Thailand, a predominantly Buddhist country with a population of approximately 66 million people, is modernising rapidly and yet at the same time manages to remain highly superstitious, with its Buddhist beliefs often coexisting side-by-side with animism, astrology and 'black magic' rituals. Its latest craze is an obsession for pampering on glamorous dolls known as 'luuk thep', or 'child angels'.

The dolls, which are not too dissimilar to lifelike rubber children, are thought to invite benevolent spirits to possess them, with the hope that they will bring good luck, wealth and protection from harm. Although they seem harmless, police have since arrested three doll vendors on charges of tax avoidance, resulting in more than 100 dolls being seized.

The child angels can cost anywhere from 1,500 baht ($40, £28) and can fetch prices upward of 30,000 baht ($837, £587) and are said to bring good luck, wealth and protection from harm. They were first popularised by celebrities, who made the rather questionable judgement that by dressing the dolls up in elaborate clothing, feeding them and carrying them like real children, the dolls had brought them professional success.

Thai dolls
A 'child angel' doll is pictured at a shop inside a department store in Bangkok, ThailandAthit Perawongmetha/Reuters
Thai dolls
A collection of luuk thep dolls for sale are seen at a house in Nonthaburi, ThailandAthit Perawongmetha/Reuters
Thai dolls
Mananya Boonmee, 49, works on the make-up of a 'child angel' doll at her house in Nonthaburi, ThailandAthit Perawongmetha/Reuters
Thai dolls
Women carry 'child angel' dolls to a Buddhist monk to be blessed at Wat Bua Khwan temple in Nonthaburi, ThailandAthit Perawongmetha/Reuters
Thai dolls
A girl smiles as she holds up her 'child angel' doll inside a department store in Bangkok, ThailandAthit Perawongmetha/Reuters
Thai dolls
A devotee dresses up her 'child angel' doll near Wat Bua Khwan temple in Nonthaburi, ThailandAthit Perawongmetha/Reuters
Thai dolls
Poeple pay respect to a Buddhist monk as they sit with their 'child angel' dolls during a blessing ritual at Wat Bua Khwan temple in Nonthaburi, ThailandAthit Perawongmetha/Reuters
Thai dolls
Buddhist monk Phra Winai Thidtapanyo, 64, anoints on a 'child angel' doll during a blessing ritual at Wat Bua Khwan temple in Nonthaburi, ThailandAthit Perawongmetha/Reuters
Thai dolls
Buddhist monk Phra Winai Thidtapanyo anoints on a 'child angel' doll during a blessing ritual at Wat Bua Khwan temple in Nonthaburi, ThailandAthit Perawongmetha/Reuters

Some say the doll mania reflects anxiety over Thailand's struggling economy, which is why there is a tendency to turn to animist beliefs during times of uncertainty, with some owners bring their dolls to temples for monks to instill powers in them.

Phra Winai Thidtapanyo, a 64-year-old Buddhist monk at Bua Khwan Temple says he has blessed more than 30,000 dolls since last year.

"Before I make the auspicious markings, I ask them what is troubling them that caused them to do this [raise child dolls]. After I preach to them and they understand my preachings, I think OK, I will do it as moral support to help them get through [the problem]. Since then, people have constantly been coming to me."

Thai dolls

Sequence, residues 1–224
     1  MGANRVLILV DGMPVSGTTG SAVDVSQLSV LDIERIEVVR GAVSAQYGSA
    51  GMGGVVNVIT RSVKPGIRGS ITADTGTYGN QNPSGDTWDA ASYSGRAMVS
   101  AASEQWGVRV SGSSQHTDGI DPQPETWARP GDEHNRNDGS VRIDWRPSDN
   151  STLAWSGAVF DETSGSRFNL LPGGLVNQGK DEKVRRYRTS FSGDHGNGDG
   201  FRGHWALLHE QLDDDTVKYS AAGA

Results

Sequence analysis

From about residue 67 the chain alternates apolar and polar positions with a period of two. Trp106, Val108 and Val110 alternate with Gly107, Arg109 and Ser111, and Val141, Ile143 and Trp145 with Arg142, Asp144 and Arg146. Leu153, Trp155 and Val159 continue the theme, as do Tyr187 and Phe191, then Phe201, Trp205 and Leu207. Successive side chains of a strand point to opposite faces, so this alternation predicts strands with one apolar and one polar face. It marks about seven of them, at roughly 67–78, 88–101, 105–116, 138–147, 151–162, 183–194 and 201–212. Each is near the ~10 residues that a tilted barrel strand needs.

Natsuda Jantabtim, 45, kisses her 'child angel' doll in Nonthaburi, ThailandAthit Perawongmetha/Reuters
Thai dolls
Devotees take their luuk thep dolls inside a department store in Bangkok, ThailandAthit Perawongmetha/Reuters
Thai dolls
A 'child angel' doll owner, Supattar Wichainan, 27, decorates her dolls at a shop inside a department store in Bangkok, ThailandAthit Perawongmetha/Reuters
Thai dolls
Luuk thep collectors play with their dolls at a house in Nonthaburi, ThailandAthit Perawongmetha/Reuters
Thai dolls
A street-food stall owner works next to her 'child angel' dolls near Wat Bua Khwan temple in Nonthaburi, ThailandAthit Perawongmetha/Reuters
Thai dolls
A Thai policeman shows a 'luuk thep' doll after more than a 100 of them were seized in separate raids, at the Economic Crime Suppression Division in BangkokAthit Perawongmetha/Reuters
Thai dolls
A Thai policeman holds a 'luuk thep' doll after more than a 100 of them were confiscatedAthit Perawongmetha/Reuters

'Luuk thep' dolls have become so popular in the past year that a low-cost local airline, Thai Smile, has been forced to draw up new guidance for staff on passengers bringing on board these dolls, with some even getting their own seats, under the condition that the dolls wear seatbelts. The new trend has even prompted several restaurants in Bangkok to offer children's meals to the dolls. The subsidiary of national flag carrier Thai Airways, Thai Smile said it would charge passengers who bring the dolls on board but would serve them snacks. Other companies have cottoned on to Thailand's growing obsession; Neta Grill, a restaurant in Bangkok, advertises meals for the dolls on its Facebook page, saying it would charge their owners children's prices for its buffet.

With more and more allowances being made for the lifelike dolls, it appears that the owners are beginning to feel that their lucky powers work. Wilairat Daengsongchroey, 17, who said she has been raising her doll for around eight months so far, stated that her doll "gave me a better life. She helped me earn more income from when I earned very little. I've won many lotteries".

Natsuda Jantabtim, 45, a beauty-salon owner who lives with her daughter and doll called 'Nong Ruay Jung' ('Pretty Rich') says: "I can see it in other people's eyes. I know some of them must be wondering why I am carrying a doll, but I just don't care."